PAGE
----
Friday, May 29, 2009

Image Interpretation: The Answer

Thanks so much to everyone who weighed in with comments on the last post.** Many people wanted the "answer," so I thought I'd post it here.

So, the first image is from a c. 13 MS of an illuminated copy of Justinian's Digest, depicting a manumission of a slave (rootlesscosmo got this, but cheated by actually reading the text -- pfftt!). People were certainly correct about the status difference between the two women, but had the relationship a bit backwards. I think the left two figures are a married couple. The right-hand figure is a judge, rather than a king -- Squadrato, good call on the ermine-trimmed robes, but they are also linked with particularly high-ranking justices, it seems. Either that, or the illuminator thinks that they should be.

The second image depicts a mother and her child coming before... who? Squadrato says a king, because of the crown and sword (both symbols of royal or at least high-ranking administrative authority), but the description I have describes the authority figure as a judge. Personally, I agree with Squadrato's assessment. On the other hand, this is from another Justinianic MS, so perhaps the illuminator just threw in whatever symbols of authority he could think of.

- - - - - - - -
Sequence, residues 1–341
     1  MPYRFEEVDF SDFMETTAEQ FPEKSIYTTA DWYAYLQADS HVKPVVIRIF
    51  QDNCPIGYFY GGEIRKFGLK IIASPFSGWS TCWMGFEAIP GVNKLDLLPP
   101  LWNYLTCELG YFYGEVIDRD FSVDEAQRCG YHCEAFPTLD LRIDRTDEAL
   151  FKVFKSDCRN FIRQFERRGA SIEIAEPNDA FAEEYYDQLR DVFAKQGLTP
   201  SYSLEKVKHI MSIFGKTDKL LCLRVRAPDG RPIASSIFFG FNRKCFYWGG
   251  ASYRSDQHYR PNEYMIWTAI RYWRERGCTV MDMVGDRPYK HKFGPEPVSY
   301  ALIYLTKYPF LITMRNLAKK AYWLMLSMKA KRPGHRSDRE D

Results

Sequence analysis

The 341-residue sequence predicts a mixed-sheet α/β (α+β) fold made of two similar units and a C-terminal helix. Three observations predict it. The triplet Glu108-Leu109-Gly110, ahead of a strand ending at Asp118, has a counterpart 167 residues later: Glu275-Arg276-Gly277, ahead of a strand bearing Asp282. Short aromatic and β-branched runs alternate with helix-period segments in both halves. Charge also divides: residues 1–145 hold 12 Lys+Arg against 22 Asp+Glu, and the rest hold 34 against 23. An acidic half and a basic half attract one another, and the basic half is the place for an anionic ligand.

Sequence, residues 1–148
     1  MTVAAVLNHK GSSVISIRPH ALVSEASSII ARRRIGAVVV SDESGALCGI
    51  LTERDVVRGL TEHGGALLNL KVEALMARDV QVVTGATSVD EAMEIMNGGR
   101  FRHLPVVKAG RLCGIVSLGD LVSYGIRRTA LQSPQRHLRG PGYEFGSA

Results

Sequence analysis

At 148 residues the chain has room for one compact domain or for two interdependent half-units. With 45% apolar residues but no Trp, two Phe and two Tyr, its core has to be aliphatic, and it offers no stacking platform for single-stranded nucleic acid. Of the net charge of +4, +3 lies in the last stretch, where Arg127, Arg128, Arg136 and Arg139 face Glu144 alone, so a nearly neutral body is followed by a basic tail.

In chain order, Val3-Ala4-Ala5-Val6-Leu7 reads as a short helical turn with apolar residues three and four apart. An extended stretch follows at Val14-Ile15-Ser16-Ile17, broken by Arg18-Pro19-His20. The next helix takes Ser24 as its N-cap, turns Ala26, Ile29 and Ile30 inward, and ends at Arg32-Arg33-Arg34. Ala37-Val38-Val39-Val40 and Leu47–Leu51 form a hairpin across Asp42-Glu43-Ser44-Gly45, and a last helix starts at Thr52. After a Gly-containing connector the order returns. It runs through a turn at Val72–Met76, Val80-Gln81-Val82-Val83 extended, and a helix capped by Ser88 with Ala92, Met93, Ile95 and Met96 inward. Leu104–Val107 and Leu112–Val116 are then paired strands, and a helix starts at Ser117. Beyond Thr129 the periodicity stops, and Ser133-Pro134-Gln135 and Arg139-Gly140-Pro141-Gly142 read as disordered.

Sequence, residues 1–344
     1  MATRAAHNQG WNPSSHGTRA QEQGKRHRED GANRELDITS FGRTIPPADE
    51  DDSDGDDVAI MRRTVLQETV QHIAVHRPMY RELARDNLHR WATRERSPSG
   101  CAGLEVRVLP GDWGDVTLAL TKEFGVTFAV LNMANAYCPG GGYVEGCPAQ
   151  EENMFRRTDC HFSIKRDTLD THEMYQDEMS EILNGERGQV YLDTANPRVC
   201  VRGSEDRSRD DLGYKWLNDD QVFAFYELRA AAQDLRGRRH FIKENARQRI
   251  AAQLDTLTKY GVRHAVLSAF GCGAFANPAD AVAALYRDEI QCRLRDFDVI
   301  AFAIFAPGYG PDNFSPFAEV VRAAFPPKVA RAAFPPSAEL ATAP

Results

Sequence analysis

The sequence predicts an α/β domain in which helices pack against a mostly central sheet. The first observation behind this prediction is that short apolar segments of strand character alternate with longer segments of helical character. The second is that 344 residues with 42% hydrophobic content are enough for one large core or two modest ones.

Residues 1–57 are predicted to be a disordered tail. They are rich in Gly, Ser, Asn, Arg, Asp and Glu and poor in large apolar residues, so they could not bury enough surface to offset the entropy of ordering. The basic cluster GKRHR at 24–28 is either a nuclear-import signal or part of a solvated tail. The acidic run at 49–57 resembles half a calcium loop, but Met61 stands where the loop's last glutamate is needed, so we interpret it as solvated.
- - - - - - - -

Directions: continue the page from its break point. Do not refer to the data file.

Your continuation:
As for which is "best," I think the comments by Susan and GoodEnoughWoman are right on target: it depends on the type of interchange I'm trying to depict here. Is justice top-down, or is there the possibility of input from both sides?

In any case, I've also dug up a couple of other illustrations, but these are more colorful. I'm still not sure what I'm going to go with. But your comments have really helped me sort out how I feel about them. So thanks!

**Previous post poofed to avoid copyright issues.

1 comment:

Janice said...

Late to add my two cents but I would say that the faces in the first image are so compelling, they seem to beg a story or interpretation whereas the other illumination's expressions are rather more stock and staid. So I'd be intrigued much more by the first than by the second!